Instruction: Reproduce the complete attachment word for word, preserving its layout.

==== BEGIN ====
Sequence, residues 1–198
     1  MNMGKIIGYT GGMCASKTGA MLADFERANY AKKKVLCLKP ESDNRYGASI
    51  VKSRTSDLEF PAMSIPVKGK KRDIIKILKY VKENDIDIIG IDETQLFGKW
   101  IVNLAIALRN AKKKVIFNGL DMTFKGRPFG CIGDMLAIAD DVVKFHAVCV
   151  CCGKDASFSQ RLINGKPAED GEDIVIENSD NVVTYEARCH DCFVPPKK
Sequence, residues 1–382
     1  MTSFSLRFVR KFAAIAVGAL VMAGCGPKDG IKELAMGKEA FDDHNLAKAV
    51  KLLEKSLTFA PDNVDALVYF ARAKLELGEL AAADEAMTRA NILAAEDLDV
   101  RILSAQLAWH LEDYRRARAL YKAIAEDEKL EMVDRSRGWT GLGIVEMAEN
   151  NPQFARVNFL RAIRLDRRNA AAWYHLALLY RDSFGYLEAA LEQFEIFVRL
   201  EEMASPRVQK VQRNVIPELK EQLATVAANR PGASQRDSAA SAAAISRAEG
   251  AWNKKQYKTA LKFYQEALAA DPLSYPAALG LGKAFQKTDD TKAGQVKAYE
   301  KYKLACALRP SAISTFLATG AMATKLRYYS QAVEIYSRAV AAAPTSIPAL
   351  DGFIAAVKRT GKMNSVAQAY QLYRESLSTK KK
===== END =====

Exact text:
Sequence, residues 1–198
     1  MNMGKIIGYT GGMCASKTGA MLADFERANY AKKKVLCLKP ESDNRYGASI
    51  VKSRTSDLEF PAMSIPVKGK KRDIIKILKY VKENDIDIIG IDETQLFGKW
   101  IVNLAIALRN AKKKVIFNGL DMTFKGRPFG CIGDMLAIAD DVVKFHAVCV
   151  CCGKDASFSQ RLINGKPAED GEDIVIENSD NVVTYEARCH DCFVPPKK
Sequence, residues 1–382
     1  MTSFSLRFVR KFAAIAVGAL VMAGCGPKDG IKELAMGKEA FDDHNLAKAV
    51  KLLEKSLTFA PDNVDALVYF ARAKLELGEL AAADEAMTRA NILAAEDLDV
   101  RILSAQLAWH LEDYRRARAL YKAIAEDEKL EMVDRSRGWT GLGIVEMAEN
   151  NPQFARVNFL RAIRLDRRNA AAWYHLALLY RDSFGYLEAA LEQFEIFVRL
   201  EEMASPRVQK VQRNVIPELK EQLATVAANR PGASQRDSAA SAAAISRAEG
   251  AWNKKQYKTA LKFYQEALAA DPLSYPAALG LGKAFQKTDD TKAGQVKAYE
   301  KYKLACALRP SAISTFLATG AMATKLRYYS QAVEIYSRAV AAAPTSIPAL
   351  DGFIAAVKRT GKMNSVAQAY QLYRESLSTK KK